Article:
ISLIP TOWN—Members of the Nassau-Suffolk Building Trades Council protested outside of Islip Town Hall recently saying that the town has yet to adopt a policy that includes apprenticeship language with a graduation rate in large-scale construction contracts within the town. They say they hope to see a change soon to ensure the safety of various construction worksites and that local skilled workers will have jobs.
The union represents 59,000 members. One of them protesting said he is concerned that without that adopted language, standards for safety would not be upheld, and that workers would be imported from other areas, taking away jobs from local residents.
In fact, he noted that at job sites around town one could readily observe license plates from all over the United States.
“You can pay someone from North Carolina a lot less,” said James Oliveira, a nine-year member who graduated from an apprenticeship program. “But we live here. They’re not putting anything back into the community.”
Union president Dick O’Kane said that apprenticeship programs are an investment in a vibrant local workforce. “They’re now bringing people in from all over the country and it’s disgraceful,” he said.
O’Kane said that the Islip Town Board has not had the best interests of labor in mind by refusing to support this measure, even though it would be for the benefit of local residents, many of them their constituents. And he said the safety issue is real, too.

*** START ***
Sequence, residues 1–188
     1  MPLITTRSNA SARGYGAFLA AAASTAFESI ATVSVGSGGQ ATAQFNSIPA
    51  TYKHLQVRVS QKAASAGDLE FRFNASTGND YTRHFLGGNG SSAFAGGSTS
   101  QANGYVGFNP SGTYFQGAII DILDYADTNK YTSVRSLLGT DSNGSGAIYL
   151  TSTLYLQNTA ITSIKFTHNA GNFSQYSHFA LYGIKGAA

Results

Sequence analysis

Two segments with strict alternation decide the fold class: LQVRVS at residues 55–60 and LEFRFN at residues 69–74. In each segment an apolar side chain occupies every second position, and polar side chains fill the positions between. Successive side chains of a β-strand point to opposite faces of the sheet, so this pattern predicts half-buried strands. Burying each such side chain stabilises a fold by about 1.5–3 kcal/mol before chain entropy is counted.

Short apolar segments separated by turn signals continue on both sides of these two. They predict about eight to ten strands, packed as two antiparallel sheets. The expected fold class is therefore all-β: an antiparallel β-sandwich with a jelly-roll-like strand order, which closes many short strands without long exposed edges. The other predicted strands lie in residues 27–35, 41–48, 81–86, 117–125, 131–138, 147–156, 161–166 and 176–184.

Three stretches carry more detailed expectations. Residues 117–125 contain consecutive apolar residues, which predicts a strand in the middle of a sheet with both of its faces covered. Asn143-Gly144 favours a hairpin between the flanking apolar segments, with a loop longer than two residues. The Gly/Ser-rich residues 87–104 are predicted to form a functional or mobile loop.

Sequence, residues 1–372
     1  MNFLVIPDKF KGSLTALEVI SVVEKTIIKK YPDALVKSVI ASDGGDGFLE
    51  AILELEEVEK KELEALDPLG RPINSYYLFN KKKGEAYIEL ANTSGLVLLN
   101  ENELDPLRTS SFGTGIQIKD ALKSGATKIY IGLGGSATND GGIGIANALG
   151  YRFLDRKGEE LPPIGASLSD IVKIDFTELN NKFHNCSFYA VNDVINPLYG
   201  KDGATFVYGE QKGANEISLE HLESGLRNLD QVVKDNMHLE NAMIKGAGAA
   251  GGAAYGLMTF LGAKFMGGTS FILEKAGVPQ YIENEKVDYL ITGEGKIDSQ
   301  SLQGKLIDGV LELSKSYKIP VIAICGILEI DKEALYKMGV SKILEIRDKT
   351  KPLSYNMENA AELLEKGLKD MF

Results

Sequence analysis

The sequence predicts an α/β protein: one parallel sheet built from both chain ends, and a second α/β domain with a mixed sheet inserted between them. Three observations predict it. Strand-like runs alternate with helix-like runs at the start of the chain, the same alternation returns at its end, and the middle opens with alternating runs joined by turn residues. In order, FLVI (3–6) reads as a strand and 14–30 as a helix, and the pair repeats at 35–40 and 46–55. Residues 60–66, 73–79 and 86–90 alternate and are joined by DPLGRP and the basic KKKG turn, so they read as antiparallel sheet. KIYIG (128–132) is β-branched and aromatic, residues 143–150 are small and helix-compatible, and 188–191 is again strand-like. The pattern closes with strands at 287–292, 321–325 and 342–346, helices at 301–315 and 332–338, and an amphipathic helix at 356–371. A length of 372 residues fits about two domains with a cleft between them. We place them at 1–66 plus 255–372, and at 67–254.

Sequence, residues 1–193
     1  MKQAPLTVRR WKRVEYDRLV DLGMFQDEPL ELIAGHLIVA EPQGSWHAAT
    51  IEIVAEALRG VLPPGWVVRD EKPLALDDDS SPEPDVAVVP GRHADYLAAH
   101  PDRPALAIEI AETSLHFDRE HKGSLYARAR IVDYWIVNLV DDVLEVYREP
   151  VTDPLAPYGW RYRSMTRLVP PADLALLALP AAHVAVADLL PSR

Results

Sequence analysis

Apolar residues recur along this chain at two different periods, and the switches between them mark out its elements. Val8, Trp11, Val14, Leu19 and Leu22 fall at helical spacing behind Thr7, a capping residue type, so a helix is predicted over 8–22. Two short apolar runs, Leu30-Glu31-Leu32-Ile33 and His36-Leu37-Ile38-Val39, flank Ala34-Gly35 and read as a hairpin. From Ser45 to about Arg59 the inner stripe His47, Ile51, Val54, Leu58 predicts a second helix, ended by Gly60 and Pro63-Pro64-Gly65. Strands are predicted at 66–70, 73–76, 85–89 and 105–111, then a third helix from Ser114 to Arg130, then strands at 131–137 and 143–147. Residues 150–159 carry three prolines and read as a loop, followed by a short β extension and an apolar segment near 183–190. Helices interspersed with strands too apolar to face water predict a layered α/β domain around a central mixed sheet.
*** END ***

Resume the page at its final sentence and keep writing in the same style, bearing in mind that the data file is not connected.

“There were 39 fatalities over the last two years and 85 percent of them were non-union,” O’Kane said.
Having an apprenticeship policy with a graduation rate in place would mean that laborers would be properly trained and that at least one would graduate every year. O’Kane said 60 have graduated over the past two years.
The union bears the cost of training each apprentice at no cost to the member or to the public. It costs between $35,000 to $50,000 to train each apprentice.
A truck billboard parked across the street from Islip Town Hall lists local municipalities that have apprenticeship language in contract policy. They include: Huntington, Smithtown, Long Beach, Oyster Bay and North Hempstead, noting, “because it’s the right thing to do.”
O’Kane said he suspects the Islip Town Board has yielded to special interests in their reluctance to adopt this policy. And with big construction projects on the horizon such as Heartland, he said it is becoming more important to get this done as soon as possible.
Islip Town was contacted for a comment and referred to the Industrial Development Agency, where the town board members also serve on its board. The statement read: “An apprenticeship program, or a requirement to use union labor, would be better negotiated under any possible future town Industrial Development Agency deal.”
However, O’Kane said he is not backing down. He said, “This is a campaign to [get this done].”
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